When Moses asks to see who or what he has been conversing with on Mount Sinai, he is placed in a crevice and told to look out once the radiance has passed (no peeking now!). Anything more than a glimpse of God’s receding back, the story implies, would blow his mortal fuses. The equivalent passage in Hindu scripture occurs in the Bhagavad-gita – and, as befitting that most frank of all religions, is more explicit about the nature of the fatal vision. Krishna responds to the warrior Arjuna’s request by telling him that no man can bear his naked splendor, then goes right ahead and gives him the necessary upgrade: “divine sight”. What follows is one of the wildest, most truly psychedelic episodes in world literature.
No longer veiled by a human semblance, Krishna appears in his universal aspect: a boundless, roaring, all-containing cosmos with a billion eyes and mouths, bristling with “heavenly weapons” and ablaze with the light of a thousand suns. The sight is fearsome not only in its manifold strangeness but because its fire is a consuming one. “The flames of thy mouths,” a horrified Arjuna cries, “devour all the worlds … how terrible thy splendors burn!”
Until recently, a physicist would have regarded this scene as the picturesque delirium of a pre-scientific age. Most still would. And yet the contemplation of the unspeakable flowering of an infinity of worlds is no longer the province of “mystics, charlatans and cranks”, as the leading string theorist Michio Kaku has written, but instead occupies “the finest minds on the planet”. Welcome to the multiverse.
Five hundred years ago, the western mind considered itself the lordly possessor of a solid, unmoving world. It was as recent as the 1920s that Edwin Hubble found galaxies beyond our own, then realised they were racing away from us (some faster than the speed of light, a supposedly impossible feat that is allowed here since it’s not the galaxies that are moving but space that’s expanding – got it?). And now, as the latest in an increasingly vertiginous series of perspectives, comes the chance that the universe is but one among many: a leaf in a cosmic wood. What is more – as Brian Greene notes in this progress-report on what some are calling the golden age of cosmology – such ideas are not the fevered speculation of autistic savants but “emerge unbidden” from the calculations of physicists.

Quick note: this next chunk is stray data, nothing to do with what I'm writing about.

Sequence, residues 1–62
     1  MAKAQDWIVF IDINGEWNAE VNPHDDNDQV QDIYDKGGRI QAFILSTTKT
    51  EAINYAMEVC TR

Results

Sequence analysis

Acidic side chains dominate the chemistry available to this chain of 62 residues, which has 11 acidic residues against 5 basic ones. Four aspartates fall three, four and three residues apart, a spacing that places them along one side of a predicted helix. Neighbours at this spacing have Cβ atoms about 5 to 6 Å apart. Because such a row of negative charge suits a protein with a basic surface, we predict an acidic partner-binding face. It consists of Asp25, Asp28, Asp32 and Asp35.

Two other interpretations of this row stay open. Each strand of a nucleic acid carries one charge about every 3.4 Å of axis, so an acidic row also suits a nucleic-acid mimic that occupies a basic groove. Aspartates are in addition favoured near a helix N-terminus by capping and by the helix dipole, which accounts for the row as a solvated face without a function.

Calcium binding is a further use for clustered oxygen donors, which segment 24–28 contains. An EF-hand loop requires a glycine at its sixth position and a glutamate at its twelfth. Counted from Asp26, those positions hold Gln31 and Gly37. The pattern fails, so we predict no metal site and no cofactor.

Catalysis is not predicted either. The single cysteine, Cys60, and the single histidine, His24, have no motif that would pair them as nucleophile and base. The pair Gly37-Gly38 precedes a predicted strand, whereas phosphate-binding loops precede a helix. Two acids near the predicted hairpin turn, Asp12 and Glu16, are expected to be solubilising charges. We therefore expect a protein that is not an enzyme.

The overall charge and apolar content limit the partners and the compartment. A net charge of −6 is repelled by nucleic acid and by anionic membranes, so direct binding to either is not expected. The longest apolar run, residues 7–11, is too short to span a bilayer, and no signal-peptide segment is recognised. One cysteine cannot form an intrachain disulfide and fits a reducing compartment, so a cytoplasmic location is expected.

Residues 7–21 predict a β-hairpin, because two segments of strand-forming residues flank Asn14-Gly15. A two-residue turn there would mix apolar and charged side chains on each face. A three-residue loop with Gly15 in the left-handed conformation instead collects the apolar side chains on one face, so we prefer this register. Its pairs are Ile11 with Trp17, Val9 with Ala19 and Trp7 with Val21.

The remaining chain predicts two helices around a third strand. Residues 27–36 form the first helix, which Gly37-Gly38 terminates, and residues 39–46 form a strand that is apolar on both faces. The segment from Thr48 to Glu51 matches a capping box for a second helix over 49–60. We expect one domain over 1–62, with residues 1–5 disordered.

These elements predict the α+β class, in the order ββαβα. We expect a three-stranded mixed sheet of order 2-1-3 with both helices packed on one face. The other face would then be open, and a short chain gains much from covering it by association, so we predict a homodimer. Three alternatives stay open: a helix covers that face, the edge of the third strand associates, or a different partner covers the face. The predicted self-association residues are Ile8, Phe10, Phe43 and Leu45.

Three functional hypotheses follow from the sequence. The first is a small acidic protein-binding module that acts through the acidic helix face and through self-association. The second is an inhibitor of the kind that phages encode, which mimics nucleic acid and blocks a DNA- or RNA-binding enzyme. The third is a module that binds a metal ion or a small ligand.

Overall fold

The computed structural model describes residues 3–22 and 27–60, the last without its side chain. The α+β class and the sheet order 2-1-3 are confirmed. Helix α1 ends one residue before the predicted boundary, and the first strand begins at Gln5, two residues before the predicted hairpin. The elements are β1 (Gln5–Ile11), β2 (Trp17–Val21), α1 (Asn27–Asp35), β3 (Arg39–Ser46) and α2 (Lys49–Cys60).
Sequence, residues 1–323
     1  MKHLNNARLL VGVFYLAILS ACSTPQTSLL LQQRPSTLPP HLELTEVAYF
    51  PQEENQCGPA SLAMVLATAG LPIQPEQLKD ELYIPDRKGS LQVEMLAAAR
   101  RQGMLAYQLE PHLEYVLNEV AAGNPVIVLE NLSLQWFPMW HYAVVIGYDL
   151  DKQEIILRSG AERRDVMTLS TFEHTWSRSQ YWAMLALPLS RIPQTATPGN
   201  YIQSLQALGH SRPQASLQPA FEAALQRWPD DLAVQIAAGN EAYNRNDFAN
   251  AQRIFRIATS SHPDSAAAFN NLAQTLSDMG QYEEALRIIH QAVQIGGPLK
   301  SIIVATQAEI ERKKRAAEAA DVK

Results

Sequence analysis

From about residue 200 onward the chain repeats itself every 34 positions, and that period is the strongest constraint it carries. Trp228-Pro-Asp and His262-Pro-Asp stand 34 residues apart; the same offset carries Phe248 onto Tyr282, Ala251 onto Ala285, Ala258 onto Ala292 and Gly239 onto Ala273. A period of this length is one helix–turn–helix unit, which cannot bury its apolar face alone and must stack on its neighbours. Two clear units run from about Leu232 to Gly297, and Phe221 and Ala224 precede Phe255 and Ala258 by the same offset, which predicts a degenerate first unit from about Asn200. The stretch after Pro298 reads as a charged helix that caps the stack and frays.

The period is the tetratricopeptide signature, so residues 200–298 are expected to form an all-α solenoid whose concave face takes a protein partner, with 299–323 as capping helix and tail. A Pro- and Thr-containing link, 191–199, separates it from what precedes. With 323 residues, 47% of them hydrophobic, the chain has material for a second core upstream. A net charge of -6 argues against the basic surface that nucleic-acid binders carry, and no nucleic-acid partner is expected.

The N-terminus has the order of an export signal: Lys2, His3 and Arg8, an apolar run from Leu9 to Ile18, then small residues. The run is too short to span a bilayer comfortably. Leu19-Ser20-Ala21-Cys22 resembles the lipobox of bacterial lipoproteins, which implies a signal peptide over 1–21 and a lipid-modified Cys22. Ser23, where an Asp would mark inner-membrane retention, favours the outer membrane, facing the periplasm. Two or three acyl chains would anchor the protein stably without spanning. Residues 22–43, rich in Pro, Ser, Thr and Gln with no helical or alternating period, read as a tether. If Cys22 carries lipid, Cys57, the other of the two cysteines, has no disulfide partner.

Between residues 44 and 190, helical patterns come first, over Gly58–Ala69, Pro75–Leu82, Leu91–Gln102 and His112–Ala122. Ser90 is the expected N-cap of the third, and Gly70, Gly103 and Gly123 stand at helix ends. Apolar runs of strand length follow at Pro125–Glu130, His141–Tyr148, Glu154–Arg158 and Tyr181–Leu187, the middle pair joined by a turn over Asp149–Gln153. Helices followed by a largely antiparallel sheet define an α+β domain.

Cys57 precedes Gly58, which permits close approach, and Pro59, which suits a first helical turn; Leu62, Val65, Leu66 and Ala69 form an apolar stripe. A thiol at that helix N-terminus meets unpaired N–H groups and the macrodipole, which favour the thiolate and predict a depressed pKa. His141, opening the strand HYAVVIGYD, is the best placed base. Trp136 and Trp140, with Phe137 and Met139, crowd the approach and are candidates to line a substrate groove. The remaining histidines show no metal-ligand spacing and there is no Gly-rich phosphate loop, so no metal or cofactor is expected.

The multiverse can have several forms, depending on the theoretical path you take. In the Quilted Multiverse, Greene explains, the universe’s infinite extension in space leads to worlds necessarily repeating themselves (like the endless library in the Borges story, which contains not only every conceivable book but a multitude of “imperfect facsimiles: works which differ only in a letter or a comma”). In the Inflationary Multiverse, universes randomly pop into being like holes in a hyperspatial emmental, then fly apart as the cheese itself – the technical term is “inflaton field” – grows at an exponential rate. It is the stuff of delirium. The Brane Multiverse posits other, unseen universes hovering a whisker from our own. In the chapter on the Simulated Multiverse, Greene sees our universe is a virtual one programmed by an alien civilisation. (As he wryly puts it: “evidence for artificial sentience and simulated worlds is grounds for rethinking the nature of your own reality”.)
The mother of them all is what Greene calls the Ultimate Multiverse, which states that any world that can be mathematically modelled – or even imagined – must perforce exist. We are back to Arjuna, agog in front of a reality that encompasses “the visions from thy innumerable eyes, the words from thy innumerable mouths”. It is a joyfully bewildering concept that flags up the impossibility of the endeavour; surely trying to define All That Exists is like trying to box the wind or weigh a dream. What seems certain, as Greene writes, is that “what we’ve thought to be the universe is only one component of a far grander, perhaps far stranger, and mostly hidden, reality.” And what a delicious irony it is that science, that model of sober investigation, is inexorably returning us to vistas so peculiarly like the deranged imaginings of our “superstitious” past.
I really appreciated how well written and insightful this article is. Made a topic which I am vaguely familiar with very approachable.
This review is so well written that I wish it were longer. And it would be a great model for a short review project if I were still teaching. I love the way he frames it with Bhagavad-gita, and sets his readers up for that frame with the Old Testament. A big part (some might say the main part) of a reviewer’s task is to give readers a sense of whether the work in question is worth reading. Denny’s article is so delightful and tantalizing that anyone with a little curiosity would want to get Greene’s book. I think Greene has done more than even Kaku to make the strange world of postmodern and post-postmodern physics accessible to ordinary folks.